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The project organisers were astonished to learn that the Gozitan students had a lot they wanted to get off their chest. Photo: Steve Zammit Lupi

Gozitan youths mostly concerned about environment, study reveals

Study carried out among 800 students from Gozo’s secondary and post-secondary schools

The biggest issue on young people’s minds in Gozo is the environment, according to a study conducted among 800 students.

They want to see more environmental protection, more trees and green spaces, cleaner air and sea, less construction of ‘flats’, improved public infrastructure and more walking paths, cycle lanes and access for alternative means of mobility.

The results emerged from around 1,100 ideas gathered from among 800 students during a series of workshops in all of Gozo’s secondary and post-secondary schools a few months ago.

Almost a third ‒ 32 per cent ‒  of students were concerned with environmental issues, 30 per cent were worried about Gozo’s limits to lifestyle and 29 per cent complained about old infrastructure. Three per cent cited problems in the arts and culture sector, another three per cent in education and another three per cent in connectivity.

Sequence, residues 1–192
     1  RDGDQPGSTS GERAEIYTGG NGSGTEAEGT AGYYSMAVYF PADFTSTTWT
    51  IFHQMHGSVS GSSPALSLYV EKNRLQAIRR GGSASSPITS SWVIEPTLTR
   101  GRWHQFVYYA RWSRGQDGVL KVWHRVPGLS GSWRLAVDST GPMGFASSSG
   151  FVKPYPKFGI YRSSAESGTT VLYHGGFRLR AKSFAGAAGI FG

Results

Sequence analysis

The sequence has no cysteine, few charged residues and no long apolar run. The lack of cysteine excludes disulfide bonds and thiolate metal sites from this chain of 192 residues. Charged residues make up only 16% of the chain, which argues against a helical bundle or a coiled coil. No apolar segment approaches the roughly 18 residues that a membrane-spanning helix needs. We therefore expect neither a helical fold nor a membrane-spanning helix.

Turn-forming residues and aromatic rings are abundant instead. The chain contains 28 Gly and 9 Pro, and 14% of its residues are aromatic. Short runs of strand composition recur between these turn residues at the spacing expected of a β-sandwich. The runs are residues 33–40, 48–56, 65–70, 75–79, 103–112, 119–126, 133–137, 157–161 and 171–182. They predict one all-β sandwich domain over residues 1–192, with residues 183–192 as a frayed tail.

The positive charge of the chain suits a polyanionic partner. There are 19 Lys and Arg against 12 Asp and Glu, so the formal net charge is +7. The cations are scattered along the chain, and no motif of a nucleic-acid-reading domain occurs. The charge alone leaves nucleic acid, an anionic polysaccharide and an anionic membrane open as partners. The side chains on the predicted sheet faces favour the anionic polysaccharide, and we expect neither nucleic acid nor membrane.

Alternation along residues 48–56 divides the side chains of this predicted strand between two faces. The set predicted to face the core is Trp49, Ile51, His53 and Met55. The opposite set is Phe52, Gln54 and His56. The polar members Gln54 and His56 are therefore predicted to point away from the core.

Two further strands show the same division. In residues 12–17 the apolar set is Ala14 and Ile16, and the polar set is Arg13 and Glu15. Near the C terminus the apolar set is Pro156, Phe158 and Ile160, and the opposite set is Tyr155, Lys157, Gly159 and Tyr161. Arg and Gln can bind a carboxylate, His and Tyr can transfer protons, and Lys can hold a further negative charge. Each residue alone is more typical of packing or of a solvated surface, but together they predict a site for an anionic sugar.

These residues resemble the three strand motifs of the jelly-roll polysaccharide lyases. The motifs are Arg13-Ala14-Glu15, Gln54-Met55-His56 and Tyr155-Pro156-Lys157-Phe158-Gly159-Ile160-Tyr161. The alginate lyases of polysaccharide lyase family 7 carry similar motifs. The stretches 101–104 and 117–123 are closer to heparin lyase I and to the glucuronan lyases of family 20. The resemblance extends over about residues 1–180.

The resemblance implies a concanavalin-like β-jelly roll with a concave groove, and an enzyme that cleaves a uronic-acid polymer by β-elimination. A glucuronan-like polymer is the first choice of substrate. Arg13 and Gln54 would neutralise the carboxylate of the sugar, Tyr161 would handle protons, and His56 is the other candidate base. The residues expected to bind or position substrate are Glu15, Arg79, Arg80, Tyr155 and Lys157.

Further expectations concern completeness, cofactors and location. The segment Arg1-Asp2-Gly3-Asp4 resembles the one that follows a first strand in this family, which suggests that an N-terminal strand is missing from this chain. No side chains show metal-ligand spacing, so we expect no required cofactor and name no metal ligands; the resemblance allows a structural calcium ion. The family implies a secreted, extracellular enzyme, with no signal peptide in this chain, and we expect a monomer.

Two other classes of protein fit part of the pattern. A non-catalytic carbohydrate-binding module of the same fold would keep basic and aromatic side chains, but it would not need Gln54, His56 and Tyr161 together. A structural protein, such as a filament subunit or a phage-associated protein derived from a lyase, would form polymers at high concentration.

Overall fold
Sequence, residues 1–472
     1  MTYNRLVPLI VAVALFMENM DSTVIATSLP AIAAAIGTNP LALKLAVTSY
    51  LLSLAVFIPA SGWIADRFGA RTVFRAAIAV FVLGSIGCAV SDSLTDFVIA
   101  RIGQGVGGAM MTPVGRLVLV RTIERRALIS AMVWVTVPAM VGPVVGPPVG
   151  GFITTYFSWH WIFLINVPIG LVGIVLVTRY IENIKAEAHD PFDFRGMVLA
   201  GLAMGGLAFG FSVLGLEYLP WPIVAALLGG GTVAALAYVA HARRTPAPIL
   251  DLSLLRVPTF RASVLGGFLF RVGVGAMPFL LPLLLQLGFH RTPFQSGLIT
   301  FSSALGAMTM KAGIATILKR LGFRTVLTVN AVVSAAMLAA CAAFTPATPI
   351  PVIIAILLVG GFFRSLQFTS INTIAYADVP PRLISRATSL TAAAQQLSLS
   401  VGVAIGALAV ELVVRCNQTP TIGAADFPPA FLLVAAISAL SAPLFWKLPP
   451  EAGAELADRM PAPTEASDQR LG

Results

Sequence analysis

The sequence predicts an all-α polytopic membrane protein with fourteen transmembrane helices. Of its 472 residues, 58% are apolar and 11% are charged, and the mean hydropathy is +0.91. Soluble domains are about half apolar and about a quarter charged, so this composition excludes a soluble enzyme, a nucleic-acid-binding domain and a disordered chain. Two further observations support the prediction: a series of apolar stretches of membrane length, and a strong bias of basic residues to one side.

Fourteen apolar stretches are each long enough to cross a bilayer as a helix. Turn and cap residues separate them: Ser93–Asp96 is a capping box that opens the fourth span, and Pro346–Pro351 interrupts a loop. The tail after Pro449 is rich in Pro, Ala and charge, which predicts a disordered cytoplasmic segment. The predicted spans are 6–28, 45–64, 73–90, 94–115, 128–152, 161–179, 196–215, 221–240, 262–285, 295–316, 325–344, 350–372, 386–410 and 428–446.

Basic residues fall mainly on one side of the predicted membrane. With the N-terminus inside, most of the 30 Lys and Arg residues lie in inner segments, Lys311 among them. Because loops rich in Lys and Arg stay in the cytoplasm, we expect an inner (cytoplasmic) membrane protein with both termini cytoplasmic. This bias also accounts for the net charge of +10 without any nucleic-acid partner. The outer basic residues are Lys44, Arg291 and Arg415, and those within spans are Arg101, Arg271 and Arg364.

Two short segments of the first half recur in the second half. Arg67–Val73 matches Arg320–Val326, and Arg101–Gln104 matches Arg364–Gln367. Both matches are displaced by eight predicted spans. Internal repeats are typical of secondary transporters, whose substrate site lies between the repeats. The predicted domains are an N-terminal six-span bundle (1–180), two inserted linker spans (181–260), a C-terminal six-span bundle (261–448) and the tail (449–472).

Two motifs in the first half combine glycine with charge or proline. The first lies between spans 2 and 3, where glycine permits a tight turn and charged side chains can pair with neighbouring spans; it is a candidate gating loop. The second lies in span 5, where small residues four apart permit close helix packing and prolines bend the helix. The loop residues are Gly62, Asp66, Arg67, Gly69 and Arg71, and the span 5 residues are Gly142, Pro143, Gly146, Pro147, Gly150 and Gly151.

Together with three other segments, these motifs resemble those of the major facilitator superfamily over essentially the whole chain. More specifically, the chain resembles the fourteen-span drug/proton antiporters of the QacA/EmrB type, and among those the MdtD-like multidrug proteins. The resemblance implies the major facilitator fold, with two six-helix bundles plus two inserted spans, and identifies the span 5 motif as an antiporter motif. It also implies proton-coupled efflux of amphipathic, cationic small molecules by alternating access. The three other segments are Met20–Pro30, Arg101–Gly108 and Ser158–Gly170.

As part of the Gozo Regional Council’s project Idea għal Għawdex (An Idea for Gozo), students were asked to discuss what they would do differently to improve the quality of life in Gozo and the project organisers were astonished to learn that they had a lot they wanted to get off their chest.

Some even suggested holding local council members to account for not working in the best interest of the people. Others called for more meetings to be held between the authorities and young people so that the needs of youths are not overlooked.

The ideas were then passed on to the mayors of each locality, who are being urged to implement as many of them as they can.

The Gozo Regional Council said it felt it was time to launch the initiative to boost social dialogue among young people and to foster their involvement in politics, art and culture. It said it wanted to urge them to play a more active role in finding realistic and practical solutions to Gozo’s problems and to create a sense of community and belonging in villages.

Gozo’s youths are not the only ones concerned over environmental destruction.

In October 2021, researchers revealed that schoolchildren in Malta had expressed their concerns over the environment and unsustainability and said they wanted to be involved in decision-making.

Later that year, another study indicated that children overwhelmingly said they would like to see more safe spaces and green areas where they can practise physical activities and sport.

But researchers also reported a sense of resignation among children, with one girl remarking: “We’re all saying that, to reduce traffic, we have to use the bus. But that’s all talk, no action… How are we going to change the mentality of the people? If you tell them that it is global warming, they won’t care. Every child cannot brainwash their parents.”

Article Source: Times of Malta